3 Keys to Discount Grocers’ Recent Success


The current economic environment is very favorable for discounters like Aldi, Grocery Outlet and Lidl, and Coresight Research expects them to grow at twice the rate of grocery as a whole through 2026. While inflationary pressure may be subsiding, it still exists, and its impact will be felt in the long term.

“The discounters will be the trade-down beneficiaries of an inflationary environment and macroeconomic uncertainty,” said Sujeet Naik, grocery industry analyst at Coresight Research.

“Additionally, we expect the shift in consumer behavior toward greater frugality to be a structural trend that will outlast current economic disruptions. This will also benefit discounters,” Naik added.


However, traditional grocers can take steps to help them retain market share against their off-price competitors.

Naik noted that discounters’ limited product ranges actually become an advantage when shoppers are working under a limited budget — they’re planning to buy fewer items and tend to follow a more organized shopping routine that shies away from impulse buys. In these cases a more compact selection can actually create a more satisfying shopping experience.

Naik laid out three strategies traditional grocers can learn from discounters and apply at their own operations. They are as follows:

1. Drive volumes through slimmed-down ranges.

“Discounters carefully select only the most popular flavors, package sizes and other variety types to generate high volumes per item,” said Naik. “This approach can give better bargaining power with suppliers given by larger volumes on more limited SKUs. Range reductions can allow them, on average, to more profitably channel higher volumes through each line.”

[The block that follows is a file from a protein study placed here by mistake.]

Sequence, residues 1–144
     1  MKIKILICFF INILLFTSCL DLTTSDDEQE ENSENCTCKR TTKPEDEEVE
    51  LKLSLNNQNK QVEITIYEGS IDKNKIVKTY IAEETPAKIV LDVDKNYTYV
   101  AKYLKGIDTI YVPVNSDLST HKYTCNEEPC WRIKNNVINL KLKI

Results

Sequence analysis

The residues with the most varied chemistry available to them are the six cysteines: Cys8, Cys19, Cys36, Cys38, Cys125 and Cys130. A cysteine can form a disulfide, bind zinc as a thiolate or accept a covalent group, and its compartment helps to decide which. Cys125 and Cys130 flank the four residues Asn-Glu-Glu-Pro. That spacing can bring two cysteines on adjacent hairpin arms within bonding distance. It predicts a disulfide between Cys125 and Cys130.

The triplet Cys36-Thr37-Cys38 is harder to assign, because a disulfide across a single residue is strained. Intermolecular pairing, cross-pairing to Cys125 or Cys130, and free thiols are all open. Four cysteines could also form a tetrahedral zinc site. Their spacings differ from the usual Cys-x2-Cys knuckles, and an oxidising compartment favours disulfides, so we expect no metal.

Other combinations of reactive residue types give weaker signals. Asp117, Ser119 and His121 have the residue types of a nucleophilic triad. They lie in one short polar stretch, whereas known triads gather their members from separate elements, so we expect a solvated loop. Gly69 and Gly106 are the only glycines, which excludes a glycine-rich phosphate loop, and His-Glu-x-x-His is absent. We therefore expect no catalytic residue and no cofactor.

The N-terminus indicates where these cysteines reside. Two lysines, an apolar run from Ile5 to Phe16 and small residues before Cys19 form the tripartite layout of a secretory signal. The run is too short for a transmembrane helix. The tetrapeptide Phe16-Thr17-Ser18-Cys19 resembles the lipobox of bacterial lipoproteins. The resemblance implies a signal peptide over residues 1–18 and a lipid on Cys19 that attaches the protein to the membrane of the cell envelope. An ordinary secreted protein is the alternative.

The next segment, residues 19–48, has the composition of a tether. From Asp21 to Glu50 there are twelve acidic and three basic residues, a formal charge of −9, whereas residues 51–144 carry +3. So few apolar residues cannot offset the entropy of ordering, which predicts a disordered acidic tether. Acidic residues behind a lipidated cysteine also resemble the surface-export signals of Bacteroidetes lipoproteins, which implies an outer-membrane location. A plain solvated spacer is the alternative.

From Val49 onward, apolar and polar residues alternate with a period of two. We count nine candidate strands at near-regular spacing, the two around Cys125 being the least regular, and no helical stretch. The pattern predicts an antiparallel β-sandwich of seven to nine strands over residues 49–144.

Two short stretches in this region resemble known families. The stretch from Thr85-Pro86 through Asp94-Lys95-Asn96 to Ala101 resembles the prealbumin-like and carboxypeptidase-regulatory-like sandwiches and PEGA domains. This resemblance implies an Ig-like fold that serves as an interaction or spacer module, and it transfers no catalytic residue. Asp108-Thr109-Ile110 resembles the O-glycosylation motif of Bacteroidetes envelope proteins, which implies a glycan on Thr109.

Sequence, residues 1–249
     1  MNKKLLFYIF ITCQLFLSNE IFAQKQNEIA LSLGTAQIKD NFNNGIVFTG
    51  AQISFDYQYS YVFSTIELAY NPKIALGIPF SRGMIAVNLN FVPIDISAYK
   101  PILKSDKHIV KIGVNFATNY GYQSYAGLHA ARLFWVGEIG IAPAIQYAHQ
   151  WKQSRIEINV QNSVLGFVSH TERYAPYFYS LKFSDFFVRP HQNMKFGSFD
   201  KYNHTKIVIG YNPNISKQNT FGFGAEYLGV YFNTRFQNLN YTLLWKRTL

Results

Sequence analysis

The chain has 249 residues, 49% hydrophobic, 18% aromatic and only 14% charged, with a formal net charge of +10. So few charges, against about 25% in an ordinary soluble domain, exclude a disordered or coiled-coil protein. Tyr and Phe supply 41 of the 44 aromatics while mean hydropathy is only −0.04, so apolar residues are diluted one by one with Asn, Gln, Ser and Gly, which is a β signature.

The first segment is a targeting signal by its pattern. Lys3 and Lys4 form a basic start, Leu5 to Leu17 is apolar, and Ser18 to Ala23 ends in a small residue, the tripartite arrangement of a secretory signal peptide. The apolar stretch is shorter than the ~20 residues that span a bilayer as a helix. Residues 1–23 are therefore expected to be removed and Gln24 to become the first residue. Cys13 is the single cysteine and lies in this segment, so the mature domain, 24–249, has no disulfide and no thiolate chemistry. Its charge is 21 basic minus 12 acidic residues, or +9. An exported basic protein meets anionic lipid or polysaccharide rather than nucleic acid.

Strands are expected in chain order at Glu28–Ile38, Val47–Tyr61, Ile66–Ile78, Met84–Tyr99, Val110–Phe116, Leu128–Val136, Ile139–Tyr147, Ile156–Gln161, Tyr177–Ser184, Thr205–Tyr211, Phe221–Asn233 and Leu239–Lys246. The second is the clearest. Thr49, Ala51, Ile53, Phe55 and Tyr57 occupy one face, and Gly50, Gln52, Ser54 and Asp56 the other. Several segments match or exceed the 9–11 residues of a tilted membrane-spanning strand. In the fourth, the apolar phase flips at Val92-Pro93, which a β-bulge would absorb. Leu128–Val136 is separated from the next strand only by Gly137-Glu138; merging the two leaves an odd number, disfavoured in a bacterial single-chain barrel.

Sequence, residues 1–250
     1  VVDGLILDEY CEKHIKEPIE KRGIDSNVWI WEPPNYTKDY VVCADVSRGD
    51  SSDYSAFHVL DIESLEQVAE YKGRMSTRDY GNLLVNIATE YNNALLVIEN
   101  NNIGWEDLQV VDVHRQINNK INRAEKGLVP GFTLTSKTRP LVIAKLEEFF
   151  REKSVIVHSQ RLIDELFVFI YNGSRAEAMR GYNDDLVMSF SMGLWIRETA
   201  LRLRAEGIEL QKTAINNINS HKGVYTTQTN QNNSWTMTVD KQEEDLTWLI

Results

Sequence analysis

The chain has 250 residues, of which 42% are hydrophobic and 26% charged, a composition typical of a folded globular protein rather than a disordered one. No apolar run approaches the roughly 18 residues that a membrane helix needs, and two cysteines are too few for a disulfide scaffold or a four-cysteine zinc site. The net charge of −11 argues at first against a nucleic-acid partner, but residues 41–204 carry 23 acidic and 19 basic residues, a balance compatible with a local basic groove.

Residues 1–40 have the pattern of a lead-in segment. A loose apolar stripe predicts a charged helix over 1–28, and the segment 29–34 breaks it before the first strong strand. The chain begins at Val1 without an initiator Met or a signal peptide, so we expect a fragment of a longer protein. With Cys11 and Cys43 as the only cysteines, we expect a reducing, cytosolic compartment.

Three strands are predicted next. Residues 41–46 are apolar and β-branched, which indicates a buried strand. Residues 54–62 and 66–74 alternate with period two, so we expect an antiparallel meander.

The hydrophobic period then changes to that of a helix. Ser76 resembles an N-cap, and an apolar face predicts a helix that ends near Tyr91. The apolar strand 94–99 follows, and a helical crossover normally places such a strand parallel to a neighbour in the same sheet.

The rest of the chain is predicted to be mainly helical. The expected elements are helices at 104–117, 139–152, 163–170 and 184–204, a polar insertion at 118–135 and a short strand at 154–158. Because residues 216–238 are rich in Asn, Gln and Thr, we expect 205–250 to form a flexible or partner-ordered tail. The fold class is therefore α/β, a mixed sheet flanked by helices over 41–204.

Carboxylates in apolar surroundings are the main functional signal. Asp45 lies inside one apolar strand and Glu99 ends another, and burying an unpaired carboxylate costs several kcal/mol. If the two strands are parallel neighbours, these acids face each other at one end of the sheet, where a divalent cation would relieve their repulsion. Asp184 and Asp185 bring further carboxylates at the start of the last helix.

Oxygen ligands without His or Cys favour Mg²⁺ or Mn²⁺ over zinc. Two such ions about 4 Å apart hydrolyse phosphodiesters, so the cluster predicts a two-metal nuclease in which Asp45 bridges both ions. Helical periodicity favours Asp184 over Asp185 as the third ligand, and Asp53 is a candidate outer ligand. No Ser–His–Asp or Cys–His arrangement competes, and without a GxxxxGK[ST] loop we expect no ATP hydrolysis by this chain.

2. Strip out unnecessary expenses.

Grocers should strip out unnecessary expenses that can lead to a leaner cost structure — though Naik warned against cutting so much that it impacts the shopper experience. 

3. Grow private label offerings.

Finally, retailers need to grow their private label offerings to help them offset the loss of margin due to price investment in other areas.


Additionally, grocers shouldn’t be afraid to go on the offensive with their own differentiators. Discounters have limited e-commerce options and struggle with the added costs of picking and last mile, which will limit their ability to compete in this area even as they expand online, according to Naik. Their limited product range also works against them here by resulting in smaller average basket sizes, Naik noted, add:

“E-commerce remains an Achilles heel for discounters.”

“The struggle with e-commerce among discount retailers means it could become an important competitive weapon in the traditional retailers’ arsenal,” the grocery expert added. “Retailers should build out e-commerce options and create omnichannel experiences that smoothly blend in-store and online shopping.”

Mainstream grocers also can compete by adding value to their offerings by emphasizing their assortment, service, quality and convenience on top of affordability. They may not be able to beat discounters on price, but they can “compete with hard discounters on attributes that are more aligned with their core DNA,” according to Naik.